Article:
The Cordillera Blanca is located between 08° 30' - 10° 10' S, 77° 00' - 78° 00' W, in the Andean Department of Ancash, Peru, 400 km north of Lima.
A fragile and disputed area
The Cordillera Blanca covers an area 180 km long and 30 km wide in the Andean Department of Ancash, Peru. In 1975, a large part of its territory was established as the Huascarán National Park. It was internationally recognised as a Biosphere Reserve under UNESCO's Man and the Biosphere program in 1977 and inscribed on the World Heritage List in 1985.
Contrasting human activities take place within the park and its buffer zone: traditional agriculture and pastoralism, tourism and mountaineering, as well as mining development. These activities are potentially conflicting, for they compete for space and water resources, in a relatively harsh and fragile high-altitude environment, under the additional stress of severe natural hazards and changing climatic conditions.
Satellite imagery is a precious source of information on the temporal evolution of land cover, providing a timely inventory of key-parameters for resource management and habitability such as snow and ice cover, natural hazard occurrences and environmental impact of mining activities.
The Cordillera Blanca glacial cover has been slowly shrinking since the 70's. This decrease amounts to 15% over 25 years and is visible in the area of Pasto Ruri glacier. A continuing trend in global warming and/or precipitation imbalance could seriously decrease the water reserves stored as ice: this factor should be considered in water management strategies to be implemented in the region.
Huge deadly avalanche
Andean glaciers have long been involved in numerous avalanches,
which have caused considerable material losses and casualties by
the thousands. The events of 1962 and 1970, originating from Huascarán
northern summit, were particularly deadly: on May 31, 1970, a 7.7
magnitude earthquake triggered a huge avalanche, 25 km long and
moving at 280 km/h, which wiped out the city of Yungay, claiming
18000 lives. The scars are still visible today.
Ice retreat induces the formation of numerous peri-glacial lakes, dammed only by fragile moraine deposits. Subject to erosion, these walls may collapse, triggering flash floods: another threat for local populations…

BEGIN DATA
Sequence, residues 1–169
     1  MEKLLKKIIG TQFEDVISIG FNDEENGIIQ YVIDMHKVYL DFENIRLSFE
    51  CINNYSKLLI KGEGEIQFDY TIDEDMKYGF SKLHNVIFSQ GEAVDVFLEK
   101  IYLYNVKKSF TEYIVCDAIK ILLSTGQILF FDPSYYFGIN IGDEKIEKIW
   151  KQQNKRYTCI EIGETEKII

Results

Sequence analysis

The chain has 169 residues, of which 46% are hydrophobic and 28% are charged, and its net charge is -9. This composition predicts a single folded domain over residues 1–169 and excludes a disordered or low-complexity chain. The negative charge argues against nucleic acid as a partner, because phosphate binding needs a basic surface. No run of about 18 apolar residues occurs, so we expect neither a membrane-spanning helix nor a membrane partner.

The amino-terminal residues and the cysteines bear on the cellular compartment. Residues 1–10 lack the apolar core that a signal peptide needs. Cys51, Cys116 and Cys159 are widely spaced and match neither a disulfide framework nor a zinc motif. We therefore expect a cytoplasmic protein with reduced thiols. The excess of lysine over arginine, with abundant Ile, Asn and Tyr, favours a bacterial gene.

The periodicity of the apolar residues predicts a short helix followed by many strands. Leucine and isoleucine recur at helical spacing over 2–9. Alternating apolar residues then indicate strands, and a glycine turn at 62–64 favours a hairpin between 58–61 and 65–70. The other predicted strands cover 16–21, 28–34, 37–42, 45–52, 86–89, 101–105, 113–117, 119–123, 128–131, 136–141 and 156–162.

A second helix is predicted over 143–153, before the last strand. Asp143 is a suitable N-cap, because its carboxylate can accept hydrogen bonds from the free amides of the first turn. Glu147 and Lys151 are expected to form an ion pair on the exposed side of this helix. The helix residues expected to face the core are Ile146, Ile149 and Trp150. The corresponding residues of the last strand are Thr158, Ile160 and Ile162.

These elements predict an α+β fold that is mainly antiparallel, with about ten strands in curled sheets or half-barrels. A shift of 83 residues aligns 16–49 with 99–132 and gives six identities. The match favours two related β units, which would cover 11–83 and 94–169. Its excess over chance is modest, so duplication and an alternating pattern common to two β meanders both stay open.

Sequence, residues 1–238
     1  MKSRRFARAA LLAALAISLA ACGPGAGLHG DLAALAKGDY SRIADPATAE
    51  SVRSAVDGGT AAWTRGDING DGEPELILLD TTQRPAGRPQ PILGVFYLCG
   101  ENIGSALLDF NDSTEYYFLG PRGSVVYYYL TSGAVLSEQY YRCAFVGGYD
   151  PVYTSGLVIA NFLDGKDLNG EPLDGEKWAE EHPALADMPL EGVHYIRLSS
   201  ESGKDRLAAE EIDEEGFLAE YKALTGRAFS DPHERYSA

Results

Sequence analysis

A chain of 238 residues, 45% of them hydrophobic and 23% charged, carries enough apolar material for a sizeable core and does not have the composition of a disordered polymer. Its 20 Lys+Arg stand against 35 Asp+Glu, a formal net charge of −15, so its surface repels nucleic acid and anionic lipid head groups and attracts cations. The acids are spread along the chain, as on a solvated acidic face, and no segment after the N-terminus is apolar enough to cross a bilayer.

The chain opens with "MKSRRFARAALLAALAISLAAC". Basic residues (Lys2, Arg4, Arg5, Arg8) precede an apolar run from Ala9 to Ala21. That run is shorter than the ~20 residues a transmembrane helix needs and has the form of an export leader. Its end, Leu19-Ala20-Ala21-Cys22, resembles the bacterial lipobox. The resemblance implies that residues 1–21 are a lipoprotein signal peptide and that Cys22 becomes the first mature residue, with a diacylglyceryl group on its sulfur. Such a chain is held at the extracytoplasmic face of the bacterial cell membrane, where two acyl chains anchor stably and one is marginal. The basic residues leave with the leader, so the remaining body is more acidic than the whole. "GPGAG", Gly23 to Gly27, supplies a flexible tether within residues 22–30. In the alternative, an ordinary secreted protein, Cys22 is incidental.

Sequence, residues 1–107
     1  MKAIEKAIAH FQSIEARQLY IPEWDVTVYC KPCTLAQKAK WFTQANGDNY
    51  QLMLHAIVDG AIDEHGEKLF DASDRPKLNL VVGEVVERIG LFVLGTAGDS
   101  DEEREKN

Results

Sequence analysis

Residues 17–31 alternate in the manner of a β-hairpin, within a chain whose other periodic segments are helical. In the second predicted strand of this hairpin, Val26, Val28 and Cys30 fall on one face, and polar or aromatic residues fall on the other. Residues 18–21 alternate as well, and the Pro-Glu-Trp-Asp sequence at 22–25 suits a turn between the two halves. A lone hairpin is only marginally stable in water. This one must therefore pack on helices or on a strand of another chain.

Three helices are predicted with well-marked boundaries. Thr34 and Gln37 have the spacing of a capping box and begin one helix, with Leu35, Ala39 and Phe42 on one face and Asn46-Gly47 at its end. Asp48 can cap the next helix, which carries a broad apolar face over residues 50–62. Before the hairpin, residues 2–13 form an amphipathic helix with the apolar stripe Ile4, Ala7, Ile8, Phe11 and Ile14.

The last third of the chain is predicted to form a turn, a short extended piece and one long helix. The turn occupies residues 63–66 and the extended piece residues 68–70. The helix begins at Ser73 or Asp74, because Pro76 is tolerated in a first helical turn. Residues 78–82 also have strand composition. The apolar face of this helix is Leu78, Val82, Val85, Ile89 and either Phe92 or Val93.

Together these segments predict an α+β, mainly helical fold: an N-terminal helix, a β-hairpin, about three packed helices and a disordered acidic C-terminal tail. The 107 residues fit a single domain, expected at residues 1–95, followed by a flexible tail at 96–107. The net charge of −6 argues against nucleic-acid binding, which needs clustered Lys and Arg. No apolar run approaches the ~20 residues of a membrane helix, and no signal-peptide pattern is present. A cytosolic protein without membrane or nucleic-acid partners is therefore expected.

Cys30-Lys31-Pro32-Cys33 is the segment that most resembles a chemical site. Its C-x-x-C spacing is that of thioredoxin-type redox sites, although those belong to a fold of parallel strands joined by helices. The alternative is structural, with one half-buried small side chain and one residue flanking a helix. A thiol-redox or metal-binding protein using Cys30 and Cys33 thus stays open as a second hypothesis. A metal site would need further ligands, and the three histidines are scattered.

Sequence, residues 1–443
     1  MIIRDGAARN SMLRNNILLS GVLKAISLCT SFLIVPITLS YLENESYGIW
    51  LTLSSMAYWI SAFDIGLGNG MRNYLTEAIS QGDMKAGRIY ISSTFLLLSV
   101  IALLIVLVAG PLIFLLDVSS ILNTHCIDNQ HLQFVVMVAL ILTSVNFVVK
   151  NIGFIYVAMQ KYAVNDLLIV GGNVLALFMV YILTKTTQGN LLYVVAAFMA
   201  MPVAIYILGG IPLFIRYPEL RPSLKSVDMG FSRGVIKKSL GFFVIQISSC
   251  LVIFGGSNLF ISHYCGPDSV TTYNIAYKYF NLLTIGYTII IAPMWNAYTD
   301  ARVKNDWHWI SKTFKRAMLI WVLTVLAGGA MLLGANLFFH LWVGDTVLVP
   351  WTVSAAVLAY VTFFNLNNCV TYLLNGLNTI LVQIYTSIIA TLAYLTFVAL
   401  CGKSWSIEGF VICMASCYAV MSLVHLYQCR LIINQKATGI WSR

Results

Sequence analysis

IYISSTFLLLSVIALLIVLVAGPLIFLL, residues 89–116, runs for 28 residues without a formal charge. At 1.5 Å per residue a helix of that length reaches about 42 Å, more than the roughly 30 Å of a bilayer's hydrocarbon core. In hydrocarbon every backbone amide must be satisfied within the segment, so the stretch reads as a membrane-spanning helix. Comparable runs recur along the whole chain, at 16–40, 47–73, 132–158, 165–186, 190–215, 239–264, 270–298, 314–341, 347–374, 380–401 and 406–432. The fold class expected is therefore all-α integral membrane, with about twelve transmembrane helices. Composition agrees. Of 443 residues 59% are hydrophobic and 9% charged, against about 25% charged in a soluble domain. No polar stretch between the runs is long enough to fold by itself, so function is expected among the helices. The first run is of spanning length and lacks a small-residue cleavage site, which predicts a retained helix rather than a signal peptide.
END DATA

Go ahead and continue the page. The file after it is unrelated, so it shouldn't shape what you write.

Mines are growing
Recently, two large mining projects were developed in the vicinity of the National park. Population increased, and so did the needs for water and electricity, not to mention the construction of infrastructures. The impact on the environment is visible and serious: dumping of mine residues, using the lakes for hydro-electric production, diverting mountain streams for water supply. In the power struggle that follows, what are the chances of the local farmers to get a fair share of the resources?
Wastes from seventies and eighties mining activity in Callejón de Huaylas Valley.
|The impact of Antamina mine on the pristine landscape is clearly visible: shrinking of the lake, ore and rock dumps, constructions and roads.|
A beautiful, still largely pristine region with endemic plants and animal attracting a growing number of tourists, a wealth of mineral resources not fully developed yet, a geologically active, dangerous environment, and an indigenous population with rights to live off, and on their land: these are the elements to consider when attempting to manage the territory in the Cordillera Blanca, accounting in addition for the observed climatic trend in glaciers retreat… quite a formidable challenge!
Poster Quick Look
Research conducted by: Walter Silverio, University of Geneva